Temperature, precipitation, wind, and light form a complex web of interaction, and all of these characteristics of climate are immediately affected by the latitude associated with each geographic region. Latitude is the measurement of the distance between some location and the equator. A region is generally colder the higher it sits in latitude, and warmer the lower in latitude, or closer to the equator. Because heat is not distributed evenly over the earth, there is a constant tendency to the movement of air from areas of low latitude to the poles, and for this movement to be compensated by that air from high latitudes to the equator. Latitude also affects how much sun light is available to an area. The higher the latitude of a location (the further it is from the equator), the less sun light it will receive.

There is much variability in the types of biomes found in each climate, owing to the tendency of the influential factors associated with climate. Further, temperature, precipitation, and wind are also intertwined with physiography and the currents of the oceans. Physiography describes the shape of continental Earth. The shape of landmasses has a great influence on the temperature of an environment. For example, high altitudes are colder than lower ones. This is due primarily to the thinner air found at high altitudes, which absorbs less heat directly from the sun and is less effective in retaining reradiated heat from the earth. Precipitation and wind affect the physical shape of the earth. Precipitation frequency and intensity influence surface runoff, evaporation, and soil condition. Wind causes erosion and contributes to the destruction caused by violent storms.

Ocean currents are caused by several forces including solar heating and winds. Solar heat causes the water to expand, and the water near the equator is actually about 8 cm higher than in the middle latitudes. Wind blowing on the ocean’s surface pushes the water. Water will begin to form a mound where the wind is blowing, and gravity will take over and pull the water downward, against the pressure gradient. The Coriolis Effect intervenes and, in the northern hemisphere, causes the water to move to the right around the mound of water (called a gyre). The Coriolis Effect is caused by the rotation of the earth and the inertia of the water. Also, in the case of cold ocean currents, there is less evaporation and the rising air is less moist. This makes it less likely for precipitation to occur.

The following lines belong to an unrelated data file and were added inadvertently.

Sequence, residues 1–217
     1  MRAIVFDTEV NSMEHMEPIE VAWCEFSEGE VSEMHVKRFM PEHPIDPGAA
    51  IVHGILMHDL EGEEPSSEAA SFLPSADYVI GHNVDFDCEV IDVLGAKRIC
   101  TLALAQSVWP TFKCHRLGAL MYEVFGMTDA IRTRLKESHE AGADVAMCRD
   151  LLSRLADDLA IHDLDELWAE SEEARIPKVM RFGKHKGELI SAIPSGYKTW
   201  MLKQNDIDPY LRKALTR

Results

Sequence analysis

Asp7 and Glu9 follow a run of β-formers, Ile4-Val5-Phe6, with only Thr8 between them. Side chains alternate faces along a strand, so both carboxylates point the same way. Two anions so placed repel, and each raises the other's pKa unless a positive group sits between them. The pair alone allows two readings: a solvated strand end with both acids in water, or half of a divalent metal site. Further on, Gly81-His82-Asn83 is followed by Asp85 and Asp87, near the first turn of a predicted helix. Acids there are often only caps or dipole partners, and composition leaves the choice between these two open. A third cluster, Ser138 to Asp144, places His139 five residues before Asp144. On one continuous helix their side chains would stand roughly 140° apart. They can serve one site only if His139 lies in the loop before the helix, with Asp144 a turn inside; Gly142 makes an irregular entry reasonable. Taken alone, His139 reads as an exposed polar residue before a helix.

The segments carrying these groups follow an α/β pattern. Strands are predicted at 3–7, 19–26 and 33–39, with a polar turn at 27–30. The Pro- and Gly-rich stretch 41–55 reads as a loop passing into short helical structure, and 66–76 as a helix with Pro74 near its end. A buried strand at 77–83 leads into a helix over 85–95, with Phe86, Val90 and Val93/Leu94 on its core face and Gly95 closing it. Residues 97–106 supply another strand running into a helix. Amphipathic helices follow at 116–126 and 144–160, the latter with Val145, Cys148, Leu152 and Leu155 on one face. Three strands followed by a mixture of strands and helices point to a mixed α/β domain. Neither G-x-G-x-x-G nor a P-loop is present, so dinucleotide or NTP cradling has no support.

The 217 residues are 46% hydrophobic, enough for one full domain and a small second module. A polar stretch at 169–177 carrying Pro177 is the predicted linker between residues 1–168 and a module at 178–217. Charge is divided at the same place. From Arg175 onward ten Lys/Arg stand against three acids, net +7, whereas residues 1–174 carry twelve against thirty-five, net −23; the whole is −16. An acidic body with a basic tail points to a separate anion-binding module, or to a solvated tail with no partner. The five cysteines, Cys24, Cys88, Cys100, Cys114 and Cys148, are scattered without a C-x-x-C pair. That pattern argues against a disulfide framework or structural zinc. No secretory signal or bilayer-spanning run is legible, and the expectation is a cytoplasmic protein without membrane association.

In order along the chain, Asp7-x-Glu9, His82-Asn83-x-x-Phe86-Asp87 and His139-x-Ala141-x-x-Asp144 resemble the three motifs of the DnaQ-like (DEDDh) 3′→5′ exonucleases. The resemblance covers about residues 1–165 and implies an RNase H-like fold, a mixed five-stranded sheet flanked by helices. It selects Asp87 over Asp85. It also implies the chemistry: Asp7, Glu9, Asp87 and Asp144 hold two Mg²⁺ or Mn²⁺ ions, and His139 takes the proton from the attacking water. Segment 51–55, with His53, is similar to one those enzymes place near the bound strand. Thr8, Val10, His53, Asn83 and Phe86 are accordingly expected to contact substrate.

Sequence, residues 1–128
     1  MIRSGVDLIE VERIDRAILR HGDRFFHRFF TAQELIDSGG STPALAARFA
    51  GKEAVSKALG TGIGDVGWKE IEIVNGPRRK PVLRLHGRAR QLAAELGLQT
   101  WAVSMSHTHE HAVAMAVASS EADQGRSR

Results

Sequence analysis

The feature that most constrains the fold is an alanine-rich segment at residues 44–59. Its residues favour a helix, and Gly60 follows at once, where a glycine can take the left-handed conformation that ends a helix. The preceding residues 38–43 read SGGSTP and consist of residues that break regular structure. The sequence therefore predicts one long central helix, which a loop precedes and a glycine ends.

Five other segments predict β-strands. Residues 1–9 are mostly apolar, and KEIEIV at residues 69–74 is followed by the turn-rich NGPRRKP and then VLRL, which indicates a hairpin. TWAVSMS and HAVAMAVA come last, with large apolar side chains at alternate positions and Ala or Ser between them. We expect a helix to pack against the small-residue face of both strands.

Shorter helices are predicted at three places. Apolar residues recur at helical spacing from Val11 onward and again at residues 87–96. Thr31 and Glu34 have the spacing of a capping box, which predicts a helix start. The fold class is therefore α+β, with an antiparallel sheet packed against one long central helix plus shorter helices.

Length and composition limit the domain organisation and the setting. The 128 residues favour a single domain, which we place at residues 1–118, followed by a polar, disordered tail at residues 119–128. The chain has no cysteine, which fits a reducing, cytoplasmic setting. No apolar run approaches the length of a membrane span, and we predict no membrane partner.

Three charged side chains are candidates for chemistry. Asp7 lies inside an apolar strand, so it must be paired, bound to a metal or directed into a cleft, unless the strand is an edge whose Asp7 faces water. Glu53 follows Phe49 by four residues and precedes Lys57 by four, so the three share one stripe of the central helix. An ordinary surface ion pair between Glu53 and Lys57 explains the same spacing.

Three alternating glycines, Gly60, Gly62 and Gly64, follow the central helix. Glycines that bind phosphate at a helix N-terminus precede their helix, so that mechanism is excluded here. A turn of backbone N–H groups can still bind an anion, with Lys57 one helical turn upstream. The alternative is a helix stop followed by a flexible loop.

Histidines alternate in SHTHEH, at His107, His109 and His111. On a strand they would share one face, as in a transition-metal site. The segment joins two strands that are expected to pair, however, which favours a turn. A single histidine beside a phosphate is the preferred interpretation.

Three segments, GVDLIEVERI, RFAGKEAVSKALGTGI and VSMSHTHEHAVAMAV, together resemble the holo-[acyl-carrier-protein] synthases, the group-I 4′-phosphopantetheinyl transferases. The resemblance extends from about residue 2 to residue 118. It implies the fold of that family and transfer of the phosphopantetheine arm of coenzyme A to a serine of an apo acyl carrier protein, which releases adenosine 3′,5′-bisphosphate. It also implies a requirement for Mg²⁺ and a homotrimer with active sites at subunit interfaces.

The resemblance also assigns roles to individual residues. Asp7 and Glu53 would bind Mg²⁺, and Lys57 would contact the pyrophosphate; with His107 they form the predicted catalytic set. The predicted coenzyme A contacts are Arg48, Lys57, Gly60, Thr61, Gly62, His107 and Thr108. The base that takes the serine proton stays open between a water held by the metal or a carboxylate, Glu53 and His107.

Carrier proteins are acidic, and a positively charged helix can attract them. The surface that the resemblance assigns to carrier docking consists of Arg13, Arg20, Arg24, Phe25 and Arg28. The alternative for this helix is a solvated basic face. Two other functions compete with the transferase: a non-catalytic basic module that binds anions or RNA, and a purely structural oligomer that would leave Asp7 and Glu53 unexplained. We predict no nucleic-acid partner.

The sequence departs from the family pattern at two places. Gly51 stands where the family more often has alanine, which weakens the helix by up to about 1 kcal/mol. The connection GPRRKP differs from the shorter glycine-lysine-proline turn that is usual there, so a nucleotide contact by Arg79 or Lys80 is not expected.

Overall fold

Pressure is the final major constituent of environmental climate. Inequalities of atmospheric pressure invoke atmospheric movement. Put another way, air movement or wind is an attempt to equalize the pressure differential. Low pressure occurs when air is rising. When air flows from an area of high pressure to an area of low pressure, it produces wind. The rising air will also become less dense, therefore cooling. Cool air can sustain less gaseous moisture and is forced to condense as droplets of water. If the air continues to rise, pressure will continue to drop and larger droplets will be formed. Eventually, thanks again to gravity, the droplets fall to Earth in some form of precipitation.